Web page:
The zone is huge. I never know what the next day will bring. What I’ll uncover, where I’ll end up or who I’ll meet. My GPS system helps me find interesting places and remember their coordinates. It also enables me to return home safely. The dosimeter allows me to avoid many dangerous places where radioactive waste is hidden. It helps me keep a safe distance. I would never go anywhere without these two pieces of equipment.
I gathered hundreds of hours of video when travelling alone through the zone and I wonder how to choose 90 minutes from this without missing anything important. Maybe I should listen to the advice of one of my readers?
„”Arek, please don’t cut the video material, put everything on the disc! :) What you show is extremely interesting and unique! I don’t think anyone would be bored, even if the film were 30 hours non-stop :)”
I have to find some kind of compromise. I chose the best, most interesting 3 hours. The essence of travelling solo through the zone. But it was still too much. This time I’m not making any compromises. It’ll be a two-disc edition!
But before that happens I still have half a year of post-production ahead of me. Working with a composer on the music. Hundreds of hours spent on editing, finding information on the places I visited and their history. Attempts to identify found objects. Interviews with former workers and residents of the zone. This wouldn’t be possible if I didn’t know Russian. The most reliable, true information comes straight from the witnesses of the events. First hand.
I remember I hesitated about whether to start working on Alone 2. I thought then that sequels are hardly ever better than the first part. Good reviews of the first part of the film and requests from many viewers convinced me to produce Alone 2. Everything depended on getting permission to enter block 4. I risked it. Alone 2 should be made. I couldn’t leave it, just not show it. I don’t regret my decision. The opinions of people who have seen the finished film confirmed that it was the right move. People who worked on making the film happen or who were at the première screening which took place in the zone, of course. After all, where else could the première take place except in the heart of the zone itself. It had to be there. Just a few days ago. At night. In an abandoned flat in Pripyat, with a view of the power plant.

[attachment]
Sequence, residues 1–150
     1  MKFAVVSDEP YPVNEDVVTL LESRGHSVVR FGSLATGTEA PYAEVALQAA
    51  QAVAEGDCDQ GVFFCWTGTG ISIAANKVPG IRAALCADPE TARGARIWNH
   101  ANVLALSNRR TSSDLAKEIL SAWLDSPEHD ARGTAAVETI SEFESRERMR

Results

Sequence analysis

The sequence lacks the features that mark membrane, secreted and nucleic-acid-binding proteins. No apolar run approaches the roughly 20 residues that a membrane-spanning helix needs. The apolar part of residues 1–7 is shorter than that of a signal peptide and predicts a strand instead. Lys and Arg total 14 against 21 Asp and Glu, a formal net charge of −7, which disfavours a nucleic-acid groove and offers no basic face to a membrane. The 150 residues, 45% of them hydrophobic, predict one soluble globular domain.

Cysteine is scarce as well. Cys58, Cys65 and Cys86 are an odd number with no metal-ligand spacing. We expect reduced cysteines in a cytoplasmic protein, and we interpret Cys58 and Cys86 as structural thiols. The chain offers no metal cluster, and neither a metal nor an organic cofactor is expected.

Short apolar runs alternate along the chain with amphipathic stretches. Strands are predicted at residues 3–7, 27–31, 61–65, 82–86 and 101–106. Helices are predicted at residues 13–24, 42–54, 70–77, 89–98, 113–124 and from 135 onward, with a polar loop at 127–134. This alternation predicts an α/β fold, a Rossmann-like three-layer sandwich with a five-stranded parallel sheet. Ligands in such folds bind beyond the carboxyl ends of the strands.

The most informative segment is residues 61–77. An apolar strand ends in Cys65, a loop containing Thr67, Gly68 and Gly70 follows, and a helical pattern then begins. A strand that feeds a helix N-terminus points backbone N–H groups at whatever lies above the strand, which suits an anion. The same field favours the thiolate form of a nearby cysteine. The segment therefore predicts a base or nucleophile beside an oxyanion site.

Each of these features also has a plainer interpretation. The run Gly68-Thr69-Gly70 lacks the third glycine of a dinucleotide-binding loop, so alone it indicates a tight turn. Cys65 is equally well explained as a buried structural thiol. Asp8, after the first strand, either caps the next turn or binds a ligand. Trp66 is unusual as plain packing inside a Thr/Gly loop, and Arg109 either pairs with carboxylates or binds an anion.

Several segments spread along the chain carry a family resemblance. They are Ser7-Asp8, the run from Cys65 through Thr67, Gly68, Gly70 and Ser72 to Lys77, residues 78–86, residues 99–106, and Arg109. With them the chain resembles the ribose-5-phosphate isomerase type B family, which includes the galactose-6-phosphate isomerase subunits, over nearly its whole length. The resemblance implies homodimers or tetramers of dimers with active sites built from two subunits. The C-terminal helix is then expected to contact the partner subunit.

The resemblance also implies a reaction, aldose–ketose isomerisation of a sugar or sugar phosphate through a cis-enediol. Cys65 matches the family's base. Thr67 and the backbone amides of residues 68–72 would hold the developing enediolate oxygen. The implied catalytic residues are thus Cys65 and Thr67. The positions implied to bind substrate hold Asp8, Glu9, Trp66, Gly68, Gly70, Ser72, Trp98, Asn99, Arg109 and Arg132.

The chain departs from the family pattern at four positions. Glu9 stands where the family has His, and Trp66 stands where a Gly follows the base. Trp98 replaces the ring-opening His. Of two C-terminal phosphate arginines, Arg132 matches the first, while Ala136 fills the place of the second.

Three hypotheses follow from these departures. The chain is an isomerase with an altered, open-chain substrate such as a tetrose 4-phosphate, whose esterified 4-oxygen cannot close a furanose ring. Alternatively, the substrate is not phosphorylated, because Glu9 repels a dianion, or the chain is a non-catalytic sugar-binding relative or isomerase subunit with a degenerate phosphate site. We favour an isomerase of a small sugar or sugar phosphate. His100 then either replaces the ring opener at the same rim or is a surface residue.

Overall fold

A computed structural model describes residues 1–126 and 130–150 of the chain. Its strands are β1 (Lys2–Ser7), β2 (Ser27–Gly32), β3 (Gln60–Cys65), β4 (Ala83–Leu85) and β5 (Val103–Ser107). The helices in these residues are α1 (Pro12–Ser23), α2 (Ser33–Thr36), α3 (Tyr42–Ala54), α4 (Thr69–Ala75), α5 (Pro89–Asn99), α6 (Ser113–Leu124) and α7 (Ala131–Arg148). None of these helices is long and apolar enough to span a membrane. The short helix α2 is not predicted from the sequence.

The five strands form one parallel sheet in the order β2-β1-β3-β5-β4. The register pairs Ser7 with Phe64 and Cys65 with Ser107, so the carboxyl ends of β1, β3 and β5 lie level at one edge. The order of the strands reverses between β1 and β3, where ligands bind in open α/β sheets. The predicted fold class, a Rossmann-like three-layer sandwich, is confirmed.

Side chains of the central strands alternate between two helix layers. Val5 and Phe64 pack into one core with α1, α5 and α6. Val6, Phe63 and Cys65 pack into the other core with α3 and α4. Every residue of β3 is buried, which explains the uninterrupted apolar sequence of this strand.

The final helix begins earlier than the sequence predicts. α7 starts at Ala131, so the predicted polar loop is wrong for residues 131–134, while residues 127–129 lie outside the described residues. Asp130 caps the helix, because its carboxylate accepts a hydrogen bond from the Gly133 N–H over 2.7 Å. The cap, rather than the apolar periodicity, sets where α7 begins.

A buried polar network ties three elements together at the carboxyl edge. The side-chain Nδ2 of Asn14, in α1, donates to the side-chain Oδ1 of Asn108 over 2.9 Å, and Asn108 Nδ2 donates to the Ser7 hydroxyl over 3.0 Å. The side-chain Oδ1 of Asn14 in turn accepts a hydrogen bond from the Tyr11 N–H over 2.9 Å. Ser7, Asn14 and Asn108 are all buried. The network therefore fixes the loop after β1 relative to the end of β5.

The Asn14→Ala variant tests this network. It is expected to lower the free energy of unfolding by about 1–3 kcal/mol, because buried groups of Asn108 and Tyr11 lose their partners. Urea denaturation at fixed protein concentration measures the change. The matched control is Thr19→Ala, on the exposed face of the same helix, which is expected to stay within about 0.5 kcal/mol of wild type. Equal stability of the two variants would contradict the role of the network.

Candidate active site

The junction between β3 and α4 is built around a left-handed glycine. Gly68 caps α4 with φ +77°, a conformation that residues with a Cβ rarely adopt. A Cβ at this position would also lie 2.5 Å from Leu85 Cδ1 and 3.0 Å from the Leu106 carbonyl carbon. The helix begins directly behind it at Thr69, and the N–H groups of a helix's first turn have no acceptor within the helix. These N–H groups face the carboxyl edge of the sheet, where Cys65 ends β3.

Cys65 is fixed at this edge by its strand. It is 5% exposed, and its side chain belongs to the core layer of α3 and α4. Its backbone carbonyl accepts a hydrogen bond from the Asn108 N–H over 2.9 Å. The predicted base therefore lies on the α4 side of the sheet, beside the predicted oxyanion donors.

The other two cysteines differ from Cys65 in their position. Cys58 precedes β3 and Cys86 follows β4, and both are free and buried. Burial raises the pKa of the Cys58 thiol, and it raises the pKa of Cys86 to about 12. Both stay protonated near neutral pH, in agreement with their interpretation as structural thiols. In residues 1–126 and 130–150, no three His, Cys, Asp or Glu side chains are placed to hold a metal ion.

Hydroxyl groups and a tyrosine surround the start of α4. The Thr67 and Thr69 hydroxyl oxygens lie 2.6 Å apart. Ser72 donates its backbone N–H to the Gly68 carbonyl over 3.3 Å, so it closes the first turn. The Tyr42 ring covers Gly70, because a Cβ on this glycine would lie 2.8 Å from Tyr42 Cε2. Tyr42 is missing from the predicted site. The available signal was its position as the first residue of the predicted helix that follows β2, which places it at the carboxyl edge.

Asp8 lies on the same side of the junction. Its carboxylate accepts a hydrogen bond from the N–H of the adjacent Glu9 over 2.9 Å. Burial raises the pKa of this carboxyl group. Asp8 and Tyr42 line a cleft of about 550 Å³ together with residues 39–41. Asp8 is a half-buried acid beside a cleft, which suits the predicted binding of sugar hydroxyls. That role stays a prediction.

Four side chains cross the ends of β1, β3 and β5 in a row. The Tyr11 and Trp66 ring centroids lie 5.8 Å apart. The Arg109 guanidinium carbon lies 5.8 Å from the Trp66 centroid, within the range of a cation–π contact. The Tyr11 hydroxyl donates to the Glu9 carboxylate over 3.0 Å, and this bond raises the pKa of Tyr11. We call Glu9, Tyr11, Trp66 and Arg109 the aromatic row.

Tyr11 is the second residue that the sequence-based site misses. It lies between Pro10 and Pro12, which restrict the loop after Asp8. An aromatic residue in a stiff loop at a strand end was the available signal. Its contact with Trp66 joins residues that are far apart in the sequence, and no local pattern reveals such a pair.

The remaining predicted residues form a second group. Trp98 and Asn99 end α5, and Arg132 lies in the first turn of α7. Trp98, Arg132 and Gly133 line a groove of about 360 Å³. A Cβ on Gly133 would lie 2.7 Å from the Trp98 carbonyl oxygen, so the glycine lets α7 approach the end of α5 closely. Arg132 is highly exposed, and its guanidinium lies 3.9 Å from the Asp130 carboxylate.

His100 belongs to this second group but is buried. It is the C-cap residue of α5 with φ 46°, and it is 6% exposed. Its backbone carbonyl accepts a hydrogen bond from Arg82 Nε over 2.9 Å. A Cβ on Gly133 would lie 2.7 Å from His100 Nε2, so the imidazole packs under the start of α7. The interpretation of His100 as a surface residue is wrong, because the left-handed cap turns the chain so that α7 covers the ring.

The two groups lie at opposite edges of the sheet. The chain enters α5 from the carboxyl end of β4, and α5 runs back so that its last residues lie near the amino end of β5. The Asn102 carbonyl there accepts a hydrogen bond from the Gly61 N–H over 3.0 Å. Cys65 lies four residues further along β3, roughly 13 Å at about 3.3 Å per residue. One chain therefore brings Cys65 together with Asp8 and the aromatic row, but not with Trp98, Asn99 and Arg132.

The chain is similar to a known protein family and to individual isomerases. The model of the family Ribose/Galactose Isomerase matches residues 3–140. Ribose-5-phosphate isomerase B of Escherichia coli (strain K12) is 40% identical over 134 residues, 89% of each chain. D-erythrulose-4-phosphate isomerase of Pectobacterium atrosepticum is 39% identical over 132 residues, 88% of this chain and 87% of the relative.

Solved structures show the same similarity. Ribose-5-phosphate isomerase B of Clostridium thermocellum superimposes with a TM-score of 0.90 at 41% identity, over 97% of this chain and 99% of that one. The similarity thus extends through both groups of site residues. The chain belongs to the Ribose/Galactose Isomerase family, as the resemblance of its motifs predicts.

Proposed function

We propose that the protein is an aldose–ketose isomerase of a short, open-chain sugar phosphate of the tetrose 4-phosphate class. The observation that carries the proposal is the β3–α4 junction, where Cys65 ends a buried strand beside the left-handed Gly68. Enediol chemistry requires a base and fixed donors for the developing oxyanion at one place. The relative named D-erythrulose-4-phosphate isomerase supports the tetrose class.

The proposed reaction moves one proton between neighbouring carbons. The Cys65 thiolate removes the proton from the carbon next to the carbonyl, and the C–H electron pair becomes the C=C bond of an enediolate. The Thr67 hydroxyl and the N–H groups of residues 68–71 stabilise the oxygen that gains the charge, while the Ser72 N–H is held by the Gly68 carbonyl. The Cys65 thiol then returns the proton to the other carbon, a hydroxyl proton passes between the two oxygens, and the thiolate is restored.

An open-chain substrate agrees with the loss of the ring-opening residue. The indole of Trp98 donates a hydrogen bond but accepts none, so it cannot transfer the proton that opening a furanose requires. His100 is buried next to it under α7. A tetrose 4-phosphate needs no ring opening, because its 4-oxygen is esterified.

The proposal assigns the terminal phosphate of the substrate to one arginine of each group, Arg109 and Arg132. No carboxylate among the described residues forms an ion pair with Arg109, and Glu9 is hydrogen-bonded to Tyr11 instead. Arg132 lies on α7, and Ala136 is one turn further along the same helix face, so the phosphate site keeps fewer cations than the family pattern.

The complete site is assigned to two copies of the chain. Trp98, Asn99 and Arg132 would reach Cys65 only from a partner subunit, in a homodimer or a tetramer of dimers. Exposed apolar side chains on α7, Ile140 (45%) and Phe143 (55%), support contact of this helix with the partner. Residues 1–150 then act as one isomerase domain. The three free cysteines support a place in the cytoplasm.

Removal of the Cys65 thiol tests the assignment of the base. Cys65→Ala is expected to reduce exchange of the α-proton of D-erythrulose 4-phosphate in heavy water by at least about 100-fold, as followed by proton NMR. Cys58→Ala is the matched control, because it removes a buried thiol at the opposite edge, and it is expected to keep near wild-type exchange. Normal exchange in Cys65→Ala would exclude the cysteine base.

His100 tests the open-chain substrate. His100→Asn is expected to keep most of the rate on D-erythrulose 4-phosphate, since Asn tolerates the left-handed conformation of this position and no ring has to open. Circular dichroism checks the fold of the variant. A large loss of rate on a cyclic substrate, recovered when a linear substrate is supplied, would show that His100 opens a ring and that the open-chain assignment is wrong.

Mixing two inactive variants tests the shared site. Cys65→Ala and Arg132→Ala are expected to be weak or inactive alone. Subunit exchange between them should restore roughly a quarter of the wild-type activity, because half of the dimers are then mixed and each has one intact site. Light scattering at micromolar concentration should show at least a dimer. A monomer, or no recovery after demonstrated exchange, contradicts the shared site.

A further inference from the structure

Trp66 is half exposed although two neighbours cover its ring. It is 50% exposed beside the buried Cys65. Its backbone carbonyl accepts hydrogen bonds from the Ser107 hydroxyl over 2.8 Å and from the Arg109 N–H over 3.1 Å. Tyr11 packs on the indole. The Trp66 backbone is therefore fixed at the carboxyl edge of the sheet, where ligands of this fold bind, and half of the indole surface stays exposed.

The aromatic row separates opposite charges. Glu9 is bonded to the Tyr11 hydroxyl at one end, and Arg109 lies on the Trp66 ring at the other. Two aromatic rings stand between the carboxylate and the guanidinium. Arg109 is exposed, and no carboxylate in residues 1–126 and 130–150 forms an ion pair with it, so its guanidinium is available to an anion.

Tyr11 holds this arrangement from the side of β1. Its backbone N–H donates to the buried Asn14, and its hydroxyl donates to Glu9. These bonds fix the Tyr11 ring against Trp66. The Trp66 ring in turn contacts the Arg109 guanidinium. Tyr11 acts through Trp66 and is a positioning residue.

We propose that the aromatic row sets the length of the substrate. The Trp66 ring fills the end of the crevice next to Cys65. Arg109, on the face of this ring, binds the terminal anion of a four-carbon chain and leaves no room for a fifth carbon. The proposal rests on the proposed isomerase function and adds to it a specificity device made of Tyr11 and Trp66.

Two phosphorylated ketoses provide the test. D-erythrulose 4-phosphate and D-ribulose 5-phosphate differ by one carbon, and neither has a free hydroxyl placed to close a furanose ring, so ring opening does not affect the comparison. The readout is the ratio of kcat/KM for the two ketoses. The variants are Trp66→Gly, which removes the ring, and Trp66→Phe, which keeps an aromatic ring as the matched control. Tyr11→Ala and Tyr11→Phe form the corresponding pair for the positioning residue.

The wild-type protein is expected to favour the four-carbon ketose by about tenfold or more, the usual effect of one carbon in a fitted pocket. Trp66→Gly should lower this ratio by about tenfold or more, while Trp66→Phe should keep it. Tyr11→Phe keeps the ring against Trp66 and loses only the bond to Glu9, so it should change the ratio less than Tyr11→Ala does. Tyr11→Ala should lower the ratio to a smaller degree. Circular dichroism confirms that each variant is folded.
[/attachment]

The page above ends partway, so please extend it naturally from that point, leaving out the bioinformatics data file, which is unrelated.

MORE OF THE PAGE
You don’t have to go to the zone to join me in this exceptional journey. Thanks to the views from the helmet-cam, you can feel like you were really there. You’ll be able to say „I was there” and no one can accuse you otherwise. In the film you’ll see places no one has seen before (well, almost no one). You’ll also see places no one will see again because they don’t exist any more. Everything to make you feel the real atmosphere of these places.
Support my efforts. Tell your friends about the film. By helping to spread information about the film, you’re helping to spread information about the catastrophe itself and the resulting tragedy for hundreds of thousands of people. I’ve done my part, now it’s in your hands…
You can also support me by buying the film. It will be a great purchase for people who are fascinated by issues relating to the Chernobyl disaster. It will be an excellent guide for people who are planning or setting off for a trip to the zone. Or for people who can’t go because they’re underage, don’t have free time or just don’t have the courage :) The film would make a great present for fans of Call of Duty or S.T.A.L.K.E.R. who want to see what the zone looks like in real life, how different it is from the version they know from games.
And finally, the film could be a great Christmas present for yourself, your friends or family.
Pre-orders have started and will last until 06/12/2013. But before you go to the next page, where you can make a purchase, watch the trailer first.